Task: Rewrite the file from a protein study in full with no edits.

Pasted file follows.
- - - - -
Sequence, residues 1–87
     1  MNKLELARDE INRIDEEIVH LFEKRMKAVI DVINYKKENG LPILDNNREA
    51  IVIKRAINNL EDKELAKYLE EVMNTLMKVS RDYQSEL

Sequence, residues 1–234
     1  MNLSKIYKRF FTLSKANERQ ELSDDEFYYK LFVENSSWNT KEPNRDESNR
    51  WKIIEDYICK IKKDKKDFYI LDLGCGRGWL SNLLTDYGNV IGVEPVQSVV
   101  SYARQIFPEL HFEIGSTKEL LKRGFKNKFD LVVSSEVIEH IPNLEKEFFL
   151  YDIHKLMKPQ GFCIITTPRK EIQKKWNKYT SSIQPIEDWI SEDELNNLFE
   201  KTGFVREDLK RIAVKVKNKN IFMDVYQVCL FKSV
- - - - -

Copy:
Sequence, residues 1–87
     1  MNKLELARDE INRIDEEIVH LFEKRMKAVI DVINYKKENG LPILDNNREA
    51  IVIKRAINNL EDKELAKYLE EVMNTLMKVS RDYQSEL

Sequence, residues 1–234
     1  MNLSKIYKRF FTLSKANERQ ELSDDEFYYK LFVENSSWNT KEPNRDESNR
    51  WKIIEDYICK IKKDKKDFYI LDLGCGRGWL SNLLTDYGNV IGVEPVQSVV
   101  SYARQIFPEL HFEIGSTKEL LKRGFKNKFD LVVSSEVIEH IPNLEKEFFL
   151  YDIHKLMKPQ GFCIITTPRK EIQKKWNKYT SSIQPIEDWI SEDELNNLFE
   201  KTGFVREDLK RIAVKVKNKN IFMDVYQVCL FKSV